All drug charges filed against a Duanesburg man were dismissed Wednesday after a pretrial ruling came out in his favor.
Robert L. Thomas Jr., 38, of Route 7, Duanesburg, was arrested Jan. 2 by state police after he was pulled over on the Thruway in Rotterdam. Thomas was stopped, according to police, because his license plate light didn’t work.
A subsequent search of the vehicle uncovered a backpack containing more than 300 hydrocodone pills and 29 oxycodone pills, both controlled medications not prescribed to Thomas. Police also seized nearly $2,000 in cash.
Thomas claimed the pills were his mother’s. The vehicle was also registered to her. He explained the $2,000 by saying he had just cashed a paycheck from his job as a landscaping contractor.
But he apparently won’t need to make those arguments at trial, because a judicial hearing officer in the case ruled the vehicle’s license plate light did work, and therefore the entire traffic stop was improper, making inadmissible anything found as a result.
According to the ruling by Judicial Hearing Officer Michael C. Eidens, Thomas was pulled over just after 10:30 p.m. Jan. 2, after he entered the Thruway at the Interstate 88 interchange. It was windy and cold with snow flurries.
The trooper testified Thomas’ plate was either dirty or obstructed, or the plate lights were out and he couldn’t see the numbers. The trooper then told Thomas he was pulled over because he didn’t have a license plate lamp.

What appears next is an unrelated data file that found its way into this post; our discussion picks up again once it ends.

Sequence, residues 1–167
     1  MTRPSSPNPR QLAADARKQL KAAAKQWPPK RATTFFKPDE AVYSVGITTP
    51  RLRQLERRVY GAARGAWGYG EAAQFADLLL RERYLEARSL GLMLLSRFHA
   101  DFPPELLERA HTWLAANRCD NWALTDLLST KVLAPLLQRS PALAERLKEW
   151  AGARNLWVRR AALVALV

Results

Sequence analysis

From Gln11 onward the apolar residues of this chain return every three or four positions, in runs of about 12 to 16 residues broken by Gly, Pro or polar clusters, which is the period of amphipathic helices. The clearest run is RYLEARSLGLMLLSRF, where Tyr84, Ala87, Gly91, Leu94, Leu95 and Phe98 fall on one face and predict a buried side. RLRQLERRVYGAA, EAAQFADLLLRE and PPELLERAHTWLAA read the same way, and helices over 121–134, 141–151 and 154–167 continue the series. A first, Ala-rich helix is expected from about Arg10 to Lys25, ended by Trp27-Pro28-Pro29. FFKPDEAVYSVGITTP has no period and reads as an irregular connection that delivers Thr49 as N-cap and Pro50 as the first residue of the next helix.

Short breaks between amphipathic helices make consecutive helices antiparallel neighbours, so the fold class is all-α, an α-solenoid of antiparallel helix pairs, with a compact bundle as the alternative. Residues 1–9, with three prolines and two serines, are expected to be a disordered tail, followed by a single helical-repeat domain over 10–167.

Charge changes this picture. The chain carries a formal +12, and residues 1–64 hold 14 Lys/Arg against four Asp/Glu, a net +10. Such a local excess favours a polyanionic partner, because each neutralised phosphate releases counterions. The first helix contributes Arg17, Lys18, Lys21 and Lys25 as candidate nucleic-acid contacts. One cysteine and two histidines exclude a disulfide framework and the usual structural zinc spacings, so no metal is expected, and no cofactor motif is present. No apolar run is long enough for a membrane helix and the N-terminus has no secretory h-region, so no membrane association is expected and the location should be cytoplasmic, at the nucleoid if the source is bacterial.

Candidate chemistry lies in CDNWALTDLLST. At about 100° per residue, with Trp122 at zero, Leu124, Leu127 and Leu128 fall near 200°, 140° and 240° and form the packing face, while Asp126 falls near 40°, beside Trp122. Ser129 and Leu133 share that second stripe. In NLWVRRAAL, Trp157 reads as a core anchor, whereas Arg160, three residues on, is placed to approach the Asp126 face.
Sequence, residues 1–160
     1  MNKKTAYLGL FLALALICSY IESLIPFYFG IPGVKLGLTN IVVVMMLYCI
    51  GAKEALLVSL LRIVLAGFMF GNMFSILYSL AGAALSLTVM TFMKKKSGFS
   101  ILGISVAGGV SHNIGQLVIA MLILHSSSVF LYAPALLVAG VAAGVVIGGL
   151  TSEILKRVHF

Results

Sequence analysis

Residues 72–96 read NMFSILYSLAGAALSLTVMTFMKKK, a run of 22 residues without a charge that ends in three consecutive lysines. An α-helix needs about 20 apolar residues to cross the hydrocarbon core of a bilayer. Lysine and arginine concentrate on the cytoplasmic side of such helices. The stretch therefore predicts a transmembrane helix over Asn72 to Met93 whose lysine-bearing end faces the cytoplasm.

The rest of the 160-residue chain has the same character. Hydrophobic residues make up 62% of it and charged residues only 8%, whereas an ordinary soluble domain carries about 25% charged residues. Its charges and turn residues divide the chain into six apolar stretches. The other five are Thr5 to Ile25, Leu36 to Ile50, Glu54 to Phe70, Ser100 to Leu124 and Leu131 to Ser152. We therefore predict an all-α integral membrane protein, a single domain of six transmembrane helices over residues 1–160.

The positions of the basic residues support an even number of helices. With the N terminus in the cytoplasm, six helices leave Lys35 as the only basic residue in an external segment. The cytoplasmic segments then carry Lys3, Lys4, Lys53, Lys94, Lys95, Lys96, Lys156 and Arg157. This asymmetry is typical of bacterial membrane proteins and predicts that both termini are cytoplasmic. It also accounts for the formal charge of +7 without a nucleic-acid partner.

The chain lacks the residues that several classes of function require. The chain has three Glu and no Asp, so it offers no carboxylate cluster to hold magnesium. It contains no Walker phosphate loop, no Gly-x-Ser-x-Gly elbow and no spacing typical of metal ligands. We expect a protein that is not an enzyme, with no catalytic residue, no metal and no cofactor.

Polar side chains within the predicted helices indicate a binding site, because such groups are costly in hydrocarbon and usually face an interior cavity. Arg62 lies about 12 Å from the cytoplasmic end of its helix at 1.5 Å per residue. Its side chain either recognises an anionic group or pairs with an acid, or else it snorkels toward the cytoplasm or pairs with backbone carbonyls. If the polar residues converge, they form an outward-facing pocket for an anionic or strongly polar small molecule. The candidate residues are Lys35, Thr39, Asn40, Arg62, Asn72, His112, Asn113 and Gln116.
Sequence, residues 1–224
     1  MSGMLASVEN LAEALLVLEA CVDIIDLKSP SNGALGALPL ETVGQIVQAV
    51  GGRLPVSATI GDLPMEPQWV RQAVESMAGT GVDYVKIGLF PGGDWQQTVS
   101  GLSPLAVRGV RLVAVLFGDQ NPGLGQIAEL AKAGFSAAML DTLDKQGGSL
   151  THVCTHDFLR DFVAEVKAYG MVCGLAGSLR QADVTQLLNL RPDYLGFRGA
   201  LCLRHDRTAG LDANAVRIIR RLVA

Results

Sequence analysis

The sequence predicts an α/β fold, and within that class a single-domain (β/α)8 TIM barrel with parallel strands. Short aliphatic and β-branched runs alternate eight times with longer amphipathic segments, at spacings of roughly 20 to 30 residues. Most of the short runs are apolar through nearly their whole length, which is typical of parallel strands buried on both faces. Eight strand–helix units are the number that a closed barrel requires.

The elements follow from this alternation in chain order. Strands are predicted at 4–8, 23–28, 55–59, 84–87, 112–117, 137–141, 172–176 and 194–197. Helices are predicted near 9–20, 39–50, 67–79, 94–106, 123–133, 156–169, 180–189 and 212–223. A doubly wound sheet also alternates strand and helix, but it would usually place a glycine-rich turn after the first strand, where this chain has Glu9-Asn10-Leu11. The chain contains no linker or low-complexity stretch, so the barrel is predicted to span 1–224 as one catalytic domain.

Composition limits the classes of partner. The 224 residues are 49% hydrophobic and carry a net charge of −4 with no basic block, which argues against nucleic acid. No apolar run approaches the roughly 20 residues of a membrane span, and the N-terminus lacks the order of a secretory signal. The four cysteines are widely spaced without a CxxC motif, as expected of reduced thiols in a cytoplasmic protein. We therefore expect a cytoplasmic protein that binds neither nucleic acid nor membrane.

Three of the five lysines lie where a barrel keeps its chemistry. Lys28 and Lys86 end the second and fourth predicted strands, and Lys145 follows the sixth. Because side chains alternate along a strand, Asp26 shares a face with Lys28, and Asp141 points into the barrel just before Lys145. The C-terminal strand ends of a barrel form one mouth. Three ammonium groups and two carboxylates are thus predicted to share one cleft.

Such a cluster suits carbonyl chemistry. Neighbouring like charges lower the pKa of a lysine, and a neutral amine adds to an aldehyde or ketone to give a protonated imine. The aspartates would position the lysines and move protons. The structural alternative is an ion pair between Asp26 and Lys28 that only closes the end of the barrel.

As the stop unfolded, the trooper testified he smelled burned marijuana coming from the car. Thomas was the driver and his passenger allegedly admitted to smoking marijuana earlier in the day.
Troopers then searched the vehicle with Thomas’ permission, finding the backpack with the pills in the trunk; no marijuana was found.
Thomas was charged with second-degree and fifth-degree criminal possession of a controlled substance. He was indicted on a count of third-degree criminal possession of a controlled stance and other drug-related counts.
His attorney, Paul DeLorenzo, argued at a July pre-trial hearing that troopers had no right to stop Thomas in the first place. To prove it, he used a video made as the vehicle was released from impound. The video showed the license plate was not obstructed, or dirty. Both plate lamps were also lit, though the right lamp was not as bright as the left.
Eidens agreed with the defense, finding the trooper had no reasonable cause to believe that under normal circumstances the plate could not be read at the proper distance. Therefore, the stop was improper.
In court Wednesday, prosecutors told the judge that they could not go forward with the case, resulting in Schenectady County Court Judge Karen Drago dismissing it. An appeal is not expected.
After the court appearance, Thomas said he was happy to have the case over.
“I feel great,” Thomas said. “I’m glad I got Paul for a lawyer.”
DeLorenzo said that, with the ruling, Thomas’ mother should get the pills back, though they may not press the issue. He said he does expect Thomas to get back the cash seized.
“It’s a good result,” DeLorenzo said. “The judge did a fine job.”